“‘You are uncommonly loved,’ loved by that love of preference that the Master had here below for some and which brought them so far. He does not say to you as to Peter: ‘Do you love Me more than these?” Mother, listen to what He tells you: ‘Let yourself be loved more than these! That is, without fearing that any obstacle will be a hinderance to it, for I am free to pour My love on whom I wish! ‘Let yourself be loved more than these’ is your vocation.”
What a testament to Elizabeth’s gift of empathy that while consumed with pain herself, she was still aware of Mother Germaine’s struggles: her worries, her burdens, her feelings of vulnerability and unworthiness and inadequacy. A young woman herself, she carried the weight of the world, or at least the entire convent, on her shoulders during a particularly difficult and uncertain time. Elizabeth knew that God wanted to have a special, unique, and unrepeatable relationship with this woman who had given up everything to be His.
“Let yourself be loved,” she repeated no less than six times in the letter. She focused more on being loved, on surrendering to the purifying, refining, tender, merciful, transforming love— than on loving. For all of Mother Germaine’s work and worry for the community, all He really wanted from her was her. Elizabeth more than anyone knew what waited for her spiritual mother in the prayer which was at the center of her call: a love unfathomable in its tenderness and mysterious mercy. A love that, once received, transforms us into who we are. She ached for those in her life—for everyone, in her ever-expanding heart—to know how sought after and how ‘exceedingly’ loved they are. Within that call to “let yourself be loved” is a message for all of us:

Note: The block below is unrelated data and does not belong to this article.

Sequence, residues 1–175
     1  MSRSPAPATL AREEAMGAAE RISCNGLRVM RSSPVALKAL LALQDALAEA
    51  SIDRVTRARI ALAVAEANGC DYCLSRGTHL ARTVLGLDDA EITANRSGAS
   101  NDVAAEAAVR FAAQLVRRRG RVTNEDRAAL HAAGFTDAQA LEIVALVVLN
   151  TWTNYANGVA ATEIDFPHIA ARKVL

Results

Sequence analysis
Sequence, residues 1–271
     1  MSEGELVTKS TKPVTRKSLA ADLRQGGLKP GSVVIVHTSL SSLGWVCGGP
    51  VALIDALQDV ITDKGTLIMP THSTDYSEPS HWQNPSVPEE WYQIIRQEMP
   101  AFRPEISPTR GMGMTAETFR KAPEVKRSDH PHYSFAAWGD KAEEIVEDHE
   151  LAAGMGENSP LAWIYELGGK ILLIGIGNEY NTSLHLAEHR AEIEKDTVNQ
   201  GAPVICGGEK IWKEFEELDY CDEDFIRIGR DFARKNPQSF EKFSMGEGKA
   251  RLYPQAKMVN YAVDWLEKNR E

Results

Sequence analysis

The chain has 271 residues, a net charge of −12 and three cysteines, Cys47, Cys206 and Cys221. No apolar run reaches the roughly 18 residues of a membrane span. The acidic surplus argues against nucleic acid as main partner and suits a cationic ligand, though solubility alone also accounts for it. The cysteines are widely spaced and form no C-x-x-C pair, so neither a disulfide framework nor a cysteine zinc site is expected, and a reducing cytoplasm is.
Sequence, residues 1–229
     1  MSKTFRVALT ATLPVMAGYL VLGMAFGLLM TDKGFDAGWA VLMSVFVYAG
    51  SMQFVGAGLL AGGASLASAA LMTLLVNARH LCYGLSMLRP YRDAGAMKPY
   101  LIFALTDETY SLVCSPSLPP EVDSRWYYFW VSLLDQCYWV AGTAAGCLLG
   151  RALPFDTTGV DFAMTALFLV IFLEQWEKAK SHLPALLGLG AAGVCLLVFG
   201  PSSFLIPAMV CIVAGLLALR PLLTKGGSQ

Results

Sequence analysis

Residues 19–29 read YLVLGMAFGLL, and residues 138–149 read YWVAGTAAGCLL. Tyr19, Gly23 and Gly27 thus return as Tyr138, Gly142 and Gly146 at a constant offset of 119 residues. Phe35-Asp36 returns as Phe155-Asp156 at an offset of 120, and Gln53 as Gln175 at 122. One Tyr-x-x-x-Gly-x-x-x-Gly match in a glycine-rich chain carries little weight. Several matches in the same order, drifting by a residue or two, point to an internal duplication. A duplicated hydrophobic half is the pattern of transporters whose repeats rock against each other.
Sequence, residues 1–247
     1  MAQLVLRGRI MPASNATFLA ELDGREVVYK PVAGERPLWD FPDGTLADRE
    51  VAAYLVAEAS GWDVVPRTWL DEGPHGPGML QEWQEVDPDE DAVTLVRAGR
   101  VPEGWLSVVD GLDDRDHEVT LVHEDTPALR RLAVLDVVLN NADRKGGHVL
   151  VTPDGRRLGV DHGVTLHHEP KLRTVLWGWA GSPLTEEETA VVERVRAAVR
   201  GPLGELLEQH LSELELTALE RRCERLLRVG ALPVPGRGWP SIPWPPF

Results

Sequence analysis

Let yourself be vulnerable. Let your walls down, your carefully constructed fortresses breached, your fiercely guarded heart laid bare. Let your wounds be touched, your fears revealed, your deepest desires, damaged dreams, and most daring hopes unveiled before the Bridegroom who has the power to redeem, restore, and resurrect them. Drop your independence and the idea—which you clutch so tightly—that you can do anything to protect and save yourself. And let Him love you.
Our universal vocation is to love. “Ask Him to make me live for love alone: this is my vocation…” Elizabeth wrote (L 172) but even more fundamentally, it is to be loved. Our primary vocation is to be loved by God. What a radically freeing idea. If we simply allow God to love us, then we have done the most important ‘work’ of our lives.
And we might not always feel loved, or worthy of being loved, (for all our desperate, clinging, grasping searching for it) but that is exactly where faith comes in. In Heaven in Faith, Elizabeth had pointed out to Guite that believing in God’s love for us is “our great act of faith, the way to repay our God love for love.” (HF, 20.) If we forget, one glance at a crucifix should serve to remind us.
Oh yes, we are greatly, infinitely, loved.
Image courtesy of Unsplash.
This article originally appeared on SpiritualDirection.com and is republished here with kind permission.